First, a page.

Pigeon Lake passage project allows fish to move in and out
A remote lake deep in the Chippewa National Forest is benefitting from an innovative construction project that was completed last fall.
Three agencies – the Minnesota Department of Natural Resources (DNR), Chippewa National Forest, and Leech Lake Band of Ojibwe – removed a concrete dam-and-culvert from the outlet of Itasca County's Pigeon River impoundment and replaced it with a channel that allows fish to move in and out of the lake.
"Basically, we removed a barrier and created an opportunity," said Patrick Rivers, Midwest Glacial Lakes Partnership coordinator. "Fish and other organisms now can move up and down this water system. Ultimately, this project will benefit the long-term health of the impoundment. It may improve area fish populations, too."
The new channel is about 15 feet wide. It was designed and constructed in a way that retains the lake's traditional water level while also allowing fish to move upstream via eight rock terraces called weirs. The weirs, similar to the steps of a staircase, end at what had been the impoundment's dam.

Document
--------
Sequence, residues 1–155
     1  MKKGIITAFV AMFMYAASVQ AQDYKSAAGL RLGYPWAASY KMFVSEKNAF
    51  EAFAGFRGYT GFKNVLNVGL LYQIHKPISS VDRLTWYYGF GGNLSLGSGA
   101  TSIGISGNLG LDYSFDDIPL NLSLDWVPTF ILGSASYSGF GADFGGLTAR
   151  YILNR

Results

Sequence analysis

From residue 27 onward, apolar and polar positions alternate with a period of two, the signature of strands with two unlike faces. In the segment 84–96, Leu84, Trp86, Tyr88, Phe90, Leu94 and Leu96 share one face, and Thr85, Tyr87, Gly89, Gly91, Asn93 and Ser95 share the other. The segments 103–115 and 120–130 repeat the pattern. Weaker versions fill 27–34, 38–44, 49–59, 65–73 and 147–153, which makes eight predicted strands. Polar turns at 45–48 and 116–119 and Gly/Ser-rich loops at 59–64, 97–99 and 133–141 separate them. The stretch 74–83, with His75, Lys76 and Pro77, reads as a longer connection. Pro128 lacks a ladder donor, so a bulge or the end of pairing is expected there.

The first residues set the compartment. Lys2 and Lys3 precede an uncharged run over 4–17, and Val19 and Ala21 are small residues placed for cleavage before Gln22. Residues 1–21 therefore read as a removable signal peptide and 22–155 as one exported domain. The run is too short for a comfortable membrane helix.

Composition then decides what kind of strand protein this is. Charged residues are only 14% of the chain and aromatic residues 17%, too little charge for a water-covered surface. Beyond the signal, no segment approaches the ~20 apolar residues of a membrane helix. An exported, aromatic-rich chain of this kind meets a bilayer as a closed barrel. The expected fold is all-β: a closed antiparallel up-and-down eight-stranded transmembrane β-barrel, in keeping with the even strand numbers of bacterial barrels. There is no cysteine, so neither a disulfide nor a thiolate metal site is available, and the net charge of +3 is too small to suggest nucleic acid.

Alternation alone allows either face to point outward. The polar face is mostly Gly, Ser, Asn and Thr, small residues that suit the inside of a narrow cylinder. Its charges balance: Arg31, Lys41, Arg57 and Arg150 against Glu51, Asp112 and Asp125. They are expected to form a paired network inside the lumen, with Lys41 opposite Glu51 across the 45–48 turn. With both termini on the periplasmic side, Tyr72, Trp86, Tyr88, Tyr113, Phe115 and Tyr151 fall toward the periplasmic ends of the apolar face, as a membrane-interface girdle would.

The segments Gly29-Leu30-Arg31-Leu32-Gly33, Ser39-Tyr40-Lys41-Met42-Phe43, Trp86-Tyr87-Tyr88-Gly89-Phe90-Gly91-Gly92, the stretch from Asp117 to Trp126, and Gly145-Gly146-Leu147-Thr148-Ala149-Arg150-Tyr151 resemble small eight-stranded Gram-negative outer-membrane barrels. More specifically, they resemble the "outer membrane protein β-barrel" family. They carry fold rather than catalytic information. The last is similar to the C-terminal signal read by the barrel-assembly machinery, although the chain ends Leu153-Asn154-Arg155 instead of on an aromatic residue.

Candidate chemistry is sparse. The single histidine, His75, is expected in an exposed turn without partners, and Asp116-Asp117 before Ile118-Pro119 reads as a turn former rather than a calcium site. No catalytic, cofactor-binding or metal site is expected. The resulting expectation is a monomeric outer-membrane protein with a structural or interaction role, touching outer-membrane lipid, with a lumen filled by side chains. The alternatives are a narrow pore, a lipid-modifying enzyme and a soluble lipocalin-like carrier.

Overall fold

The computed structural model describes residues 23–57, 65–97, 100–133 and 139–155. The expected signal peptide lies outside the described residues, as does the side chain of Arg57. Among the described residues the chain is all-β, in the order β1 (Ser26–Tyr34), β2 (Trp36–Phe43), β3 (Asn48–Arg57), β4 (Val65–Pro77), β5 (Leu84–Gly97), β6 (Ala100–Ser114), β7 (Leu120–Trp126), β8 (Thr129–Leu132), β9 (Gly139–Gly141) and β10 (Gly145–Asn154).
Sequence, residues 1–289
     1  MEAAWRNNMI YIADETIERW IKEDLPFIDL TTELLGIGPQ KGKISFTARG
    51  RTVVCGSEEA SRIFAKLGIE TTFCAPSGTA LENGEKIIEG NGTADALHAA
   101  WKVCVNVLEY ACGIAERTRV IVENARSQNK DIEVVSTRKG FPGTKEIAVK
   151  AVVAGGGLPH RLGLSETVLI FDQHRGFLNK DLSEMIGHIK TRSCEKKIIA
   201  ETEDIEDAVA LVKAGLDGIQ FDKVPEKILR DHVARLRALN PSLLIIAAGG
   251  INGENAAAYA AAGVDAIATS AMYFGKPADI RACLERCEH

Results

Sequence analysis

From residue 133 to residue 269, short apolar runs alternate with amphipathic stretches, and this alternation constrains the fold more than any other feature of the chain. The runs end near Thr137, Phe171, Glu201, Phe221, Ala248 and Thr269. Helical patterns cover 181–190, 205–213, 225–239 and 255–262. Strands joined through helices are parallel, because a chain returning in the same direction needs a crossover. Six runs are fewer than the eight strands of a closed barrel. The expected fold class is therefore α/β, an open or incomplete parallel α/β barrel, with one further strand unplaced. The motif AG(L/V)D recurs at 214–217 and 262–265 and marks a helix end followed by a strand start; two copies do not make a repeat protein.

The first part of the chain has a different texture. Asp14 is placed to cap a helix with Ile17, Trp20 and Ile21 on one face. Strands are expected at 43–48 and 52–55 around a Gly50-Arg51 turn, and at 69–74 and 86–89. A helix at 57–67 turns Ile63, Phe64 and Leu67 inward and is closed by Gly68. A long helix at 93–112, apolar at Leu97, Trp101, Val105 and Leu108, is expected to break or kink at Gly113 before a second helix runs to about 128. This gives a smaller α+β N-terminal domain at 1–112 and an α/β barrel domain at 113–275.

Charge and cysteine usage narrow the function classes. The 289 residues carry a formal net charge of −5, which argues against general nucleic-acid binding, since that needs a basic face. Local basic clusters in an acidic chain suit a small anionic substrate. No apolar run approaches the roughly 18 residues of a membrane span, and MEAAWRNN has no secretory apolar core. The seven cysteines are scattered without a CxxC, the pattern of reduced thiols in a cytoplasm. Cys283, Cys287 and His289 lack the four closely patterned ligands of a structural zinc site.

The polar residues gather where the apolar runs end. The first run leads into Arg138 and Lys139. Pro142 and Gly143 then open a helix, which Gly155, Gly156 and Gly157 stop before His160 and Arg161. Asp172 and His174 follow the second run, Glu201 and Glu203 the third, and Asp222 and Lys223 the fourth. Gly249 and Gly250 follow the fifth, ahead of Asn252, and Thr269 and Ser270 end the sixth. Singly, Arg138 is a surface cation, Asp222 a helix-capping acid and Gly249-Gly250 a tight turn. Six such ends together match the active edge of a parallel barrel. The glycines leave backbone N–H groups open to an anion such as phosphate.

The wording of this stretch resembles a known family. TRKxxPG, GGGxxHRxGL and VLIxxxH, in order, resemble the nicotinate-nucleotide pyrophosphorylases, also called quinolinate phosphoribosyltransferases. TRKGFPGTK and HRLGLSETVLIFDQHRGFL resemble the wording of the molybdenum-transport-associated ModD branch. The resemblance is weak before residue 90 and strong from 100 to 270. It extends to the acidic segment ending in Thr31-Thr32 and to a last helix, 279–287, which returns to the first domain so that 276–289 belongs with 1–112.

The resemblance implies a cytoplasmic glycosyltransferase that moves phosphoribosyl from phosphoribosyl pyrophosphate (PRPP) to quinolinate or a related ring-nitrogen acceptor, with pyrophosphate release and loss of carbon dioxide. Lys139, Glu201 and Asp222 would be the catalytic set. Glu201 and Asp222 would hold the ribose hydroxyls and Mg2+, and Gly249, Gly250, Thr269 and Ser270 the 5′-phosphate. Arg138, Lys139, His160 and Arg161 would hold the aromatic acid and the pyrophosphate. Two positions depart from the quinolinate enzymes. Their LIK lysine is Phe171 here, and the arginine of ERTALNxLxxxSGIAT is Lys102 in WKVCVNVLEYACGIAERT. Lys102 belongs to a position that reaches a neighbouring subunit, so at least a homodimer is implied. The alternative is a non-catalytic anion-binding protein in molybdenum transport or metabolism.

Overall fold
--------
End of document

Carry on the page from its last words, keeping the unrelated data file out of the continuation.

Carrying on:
"Prior to this project, fish heading upstream would be stopped by the dam or impeded by fast-flowing water coming out of the culvert," said Rivers. "We've slowed the flow, widened the stream and seeded natural vegetation along it. Before long it will look perfectly natural."
Recently, Rivers and Greg Whaley, a U.S. National Forest Service technician, sampled fish populations within the newly created channel in Pigeon Creek. They found a variety of species, including northern pike up to 33 inches in length. The abundance of walleye, perch, northern pike and forage fish in the lake suggests that fish are using the new passage.
Pigeon Lake is located north of Lake Winnibigoshish in Itasca County, Minn. The project was funded by the American Recovery and Reinvestment Act.
This cooperative project embodies the spirit and working principles of the Midwest Glacial Lakes Partnership and the National Fish Habitat Action Plan. Agencies, nonprofit organizations, and local partners are working together to benefit fish and their aquatic habitats.